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Sunday, May 31, 2020  Spokane, Washington  Est. May 19, 1883
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Community reaping

East Valley Farm harvests its first crop of wheat

It’s only about 1 acre of wheat, but on Thursday morning it got all the attention at East Valley Farm and Community Garden.

A small combine from Crop Production Services chewed its way through the wheat as farm coordinator Lynette Romney looked on and took pictures.

“This is pretty exciting for us,” Romney said. “This is our first real harvest.”

The farm is located on the corner of Wellesley Avenue and Sullivan Road and it’s a combination community garden and East Valley School District learning project.

“We grow a lot of different things here,” Romney said, pointing to peppers, carrots, beets and corn. “And we have raised beds for smaller community gardeners.”

The wheat harvested at the farm will be processed with wheat from Shepherd’s Grain, a local farmer co-op.

Fred Fleming, one of the co-founders of Shepherd’s Grain, has helped Romney get the wheat growing on track and he was there to watch the harvest, too.

“First they wanted to do it organically, but no one wanted to hoe,” Fleming said with a chuckle.

The wheat will be processed by ADM Milling Co. just down Trent Avenue, and the farm will get it back as flour.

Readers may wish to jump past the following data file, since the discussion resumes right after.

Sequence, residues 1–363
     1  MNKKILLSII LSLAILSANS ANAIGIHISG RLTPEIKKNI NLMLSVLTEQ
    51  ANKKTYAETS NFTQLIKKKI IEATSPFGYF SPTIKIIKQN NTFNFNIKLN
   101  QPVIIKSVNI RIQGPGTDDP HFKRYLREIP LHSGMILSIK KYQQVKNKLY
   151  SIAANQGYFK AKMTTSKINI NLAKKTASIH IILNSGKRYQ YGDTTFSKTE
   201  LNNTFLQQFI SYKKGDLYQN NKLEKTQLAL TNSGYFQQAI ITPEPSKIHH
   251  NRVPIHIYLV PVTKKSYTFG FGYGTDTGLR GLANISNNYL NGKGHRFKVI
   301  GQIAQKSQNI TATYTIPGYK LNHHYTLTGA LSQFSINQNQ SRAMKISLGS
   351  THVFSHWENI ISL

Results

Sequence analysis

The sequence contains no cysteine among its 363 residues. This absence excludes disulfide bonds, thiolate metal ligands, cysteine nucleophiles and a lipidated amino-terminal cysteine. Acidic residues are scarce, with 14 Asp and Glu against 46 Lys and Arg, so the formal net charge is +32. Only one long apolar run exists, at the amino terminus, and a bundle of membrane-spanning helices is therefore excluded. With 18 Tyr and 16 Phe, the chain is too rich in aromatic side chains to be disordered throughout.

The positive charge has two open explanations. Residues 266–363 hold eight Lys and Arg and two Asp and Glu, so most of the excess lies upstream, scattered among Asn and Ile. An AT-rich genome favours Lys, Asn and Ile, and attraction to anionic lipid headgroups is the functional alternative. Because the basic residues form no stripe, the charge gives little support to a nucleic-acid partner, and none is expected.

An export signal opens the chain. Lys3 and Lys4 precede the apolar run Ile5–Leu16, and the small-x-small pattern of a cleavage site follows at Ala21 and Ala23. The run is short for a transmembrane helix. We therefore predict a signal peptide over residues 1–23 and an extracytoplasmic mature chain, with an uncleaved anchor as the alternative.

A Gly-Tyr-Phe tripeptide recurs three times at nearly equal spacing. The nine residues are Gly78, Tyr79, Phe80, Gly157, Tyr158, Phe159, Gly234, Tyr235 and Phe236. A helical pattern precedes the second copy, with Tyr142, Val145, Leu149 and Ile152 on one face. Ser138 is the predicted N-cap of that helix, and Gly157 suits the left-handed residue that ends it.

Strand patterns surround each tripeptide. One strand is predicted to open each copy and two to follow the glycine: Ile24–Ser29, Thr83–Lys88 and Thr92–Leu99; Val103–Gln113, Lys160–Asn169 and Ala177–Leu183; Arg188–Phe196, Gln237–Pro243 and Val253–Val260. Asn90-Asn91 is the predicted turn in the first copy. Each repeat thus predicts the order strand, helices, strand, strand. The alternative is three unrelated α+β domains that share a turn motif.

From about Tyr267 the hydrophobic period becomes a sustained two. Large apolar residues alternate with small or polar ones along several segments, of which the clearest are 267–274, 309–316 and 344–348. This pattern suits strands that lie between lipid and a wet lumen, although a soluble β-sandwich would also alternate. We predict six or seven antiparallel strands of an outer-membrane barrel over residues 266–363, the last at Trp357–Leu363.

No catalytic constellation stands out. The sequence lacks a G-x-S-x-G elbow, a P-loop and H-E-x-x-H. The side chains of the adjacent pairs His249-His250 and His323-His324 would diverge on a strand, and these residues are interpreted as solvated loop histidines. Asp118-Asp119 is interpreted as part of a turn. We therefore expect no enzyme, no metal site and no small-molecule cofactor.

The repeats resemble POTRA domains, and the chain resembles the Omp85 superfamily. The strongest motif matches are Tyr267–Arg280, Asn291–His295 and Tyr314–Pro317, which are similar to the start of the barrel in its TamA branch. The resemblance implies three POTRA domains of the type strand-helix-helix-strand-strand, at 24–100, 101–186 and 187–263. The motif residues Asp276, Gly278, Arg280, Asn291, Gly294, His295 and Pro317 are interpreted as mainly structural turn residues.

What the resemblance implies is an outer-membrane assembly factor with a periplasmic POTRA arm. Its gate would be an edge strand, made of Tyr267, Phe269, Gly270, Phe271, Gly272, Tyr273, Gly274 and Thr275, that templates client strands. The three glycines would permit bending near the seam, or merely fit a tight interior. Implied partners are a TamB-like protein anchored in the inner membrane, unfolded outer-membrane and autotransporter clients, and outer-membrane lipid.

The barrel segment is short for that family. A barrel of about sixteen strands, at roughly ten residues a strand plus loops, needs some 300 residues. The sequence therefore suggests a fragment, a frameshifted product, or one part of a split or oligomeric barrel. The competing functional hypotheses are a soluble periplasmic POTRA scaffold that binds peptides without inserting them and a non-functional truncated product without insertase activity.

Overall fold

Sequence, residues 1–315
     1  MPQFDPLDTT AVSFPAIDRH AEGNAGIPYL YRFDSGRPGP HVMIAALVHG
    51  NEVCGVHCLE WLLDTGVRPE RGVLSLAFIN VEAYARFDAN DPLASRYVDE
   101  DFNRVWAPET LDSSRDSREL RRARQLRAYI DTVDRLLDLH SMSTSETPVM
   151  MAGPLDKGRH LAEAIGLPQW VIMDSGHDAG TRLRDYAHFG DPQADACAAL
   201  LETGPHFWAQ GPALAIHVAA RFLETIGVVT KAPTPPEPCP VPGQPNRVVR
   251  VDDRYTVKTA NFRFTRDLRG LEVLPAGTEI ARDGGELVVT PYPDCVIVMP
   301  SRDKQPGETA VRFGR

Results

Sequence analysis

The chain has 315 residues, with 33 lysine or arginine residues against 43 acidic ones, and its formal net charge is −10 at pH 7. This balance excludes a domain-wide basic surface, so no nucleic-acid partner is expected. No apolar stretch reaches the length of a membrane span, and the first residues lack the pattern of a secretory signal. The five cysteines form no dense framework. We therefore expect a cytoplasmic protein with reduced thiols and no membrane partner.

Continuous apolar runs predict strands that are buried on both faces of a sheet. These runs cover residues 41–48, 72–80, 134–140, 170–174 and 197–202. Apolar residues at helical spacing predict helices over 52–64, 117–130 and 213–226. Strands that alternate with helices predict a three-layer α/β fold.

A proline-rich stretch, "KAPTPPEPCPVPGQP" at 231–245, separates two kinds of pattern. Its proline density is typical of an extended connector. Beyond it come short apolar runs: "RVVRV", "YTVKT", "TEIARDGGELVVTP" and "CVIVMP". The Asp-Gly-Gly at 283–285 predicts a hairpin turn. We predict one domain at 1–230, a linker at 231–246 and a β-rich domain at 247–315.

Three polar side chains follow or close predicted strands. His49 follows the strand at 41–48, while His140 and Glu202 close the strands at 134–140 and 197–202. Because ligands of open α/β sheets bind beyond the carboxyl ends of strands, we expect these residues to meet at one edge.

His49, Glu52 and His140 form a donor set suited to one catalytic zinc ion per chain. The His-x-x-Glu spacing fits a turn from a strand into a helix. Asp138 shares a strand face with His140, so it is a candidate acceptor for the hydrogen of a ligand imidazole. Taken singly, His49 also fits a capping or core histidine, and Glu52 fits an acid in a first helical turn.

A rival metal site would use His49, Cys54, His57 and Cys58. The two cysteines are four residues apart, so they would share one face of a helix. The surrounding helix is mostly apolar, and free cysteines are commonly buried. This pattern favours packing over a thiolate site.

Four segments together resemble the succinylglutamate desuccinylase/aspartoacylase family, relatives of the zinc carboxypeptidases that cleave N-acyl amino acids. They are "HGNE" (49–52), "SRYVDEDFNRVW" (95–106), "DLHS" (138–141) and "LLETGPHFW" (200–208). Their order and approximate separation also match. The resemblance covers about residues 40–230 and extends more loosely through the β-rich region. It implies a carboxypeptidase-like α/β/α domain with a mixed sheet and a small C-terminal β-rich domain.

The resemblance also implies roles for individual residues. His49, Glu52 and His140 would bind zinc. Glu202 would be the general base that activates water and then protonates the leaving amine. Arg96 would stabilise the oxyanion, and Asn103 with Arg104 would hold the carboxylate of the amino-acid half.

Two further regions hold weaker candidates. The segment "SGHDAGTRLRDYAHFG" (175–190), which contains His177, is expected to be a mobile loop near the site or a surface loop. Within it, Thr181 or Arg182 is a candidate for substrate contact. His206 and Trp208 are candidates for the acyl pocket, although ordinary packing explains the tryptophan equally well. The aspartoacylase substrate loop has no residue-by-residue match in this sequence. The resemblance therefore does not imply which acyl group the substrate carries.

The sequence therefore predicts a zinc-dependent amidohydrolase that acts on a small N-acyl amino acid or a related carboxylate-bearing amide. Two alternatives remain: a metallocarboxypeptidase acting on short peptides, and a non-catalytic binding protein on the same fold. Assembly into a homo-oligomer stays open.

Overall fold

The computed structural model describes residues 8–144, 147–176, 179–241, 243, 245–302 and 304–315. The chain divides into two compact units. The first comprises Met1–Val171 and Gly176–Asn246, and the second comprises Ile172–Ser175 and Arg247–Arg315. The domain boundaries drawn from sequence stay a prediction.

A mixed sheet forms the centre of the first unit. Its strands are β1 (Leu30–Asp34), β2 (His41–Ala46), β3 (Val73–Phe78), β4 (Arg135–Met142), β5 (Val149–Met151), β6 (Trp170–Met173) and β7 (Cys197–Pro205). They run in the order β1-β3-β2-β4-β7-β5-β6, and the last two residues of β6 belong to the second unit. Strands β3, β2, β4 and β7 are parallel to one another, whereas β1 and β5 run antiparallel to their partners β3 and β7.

“We don’t know how much flour we will get but we hope we can bake with it; or maybe even sell some,” Romney said.

Produce from the farm goes to East Valley School District kitchens and to Spokane Valley Partners’ branch of Second Harvest Food Bank.

Romney said this is the farm’s fourth planting season. It got started because parents and educators in East Valley School District wanted to use locally grown produce and vegetables for school lunches and snacks.

“We got to talking about why we weren’t purchasing produce locally and that was how it all got started,” Romney said. “This is also a great opportunity for the kids to see how things are grown.”

Volunteers from East Valley community organizations, schools and churches help Romney weed and maintain the nearly 5-acre plot.

Thursday morning, Fleming grabbed a handful of wheat out of the combine and pronounced it “not too bad” standing at the side of field.

“This is such a great idea for the students,” Fleming said. “They have to use all their skills and they get to talk about the entire food chain and where food comes from.”

East Valley School District’s first day of school is Aug. 29 – after that there will be no shortage of volunteers, Romney said.

She’s a little worried about the future of the farm because East Valley School District no longer has an agricultural program.

“Even something like Future Farmers of America would be a big boon for us,” Romney said. “We need a strong curriculum component to continue to do this.”

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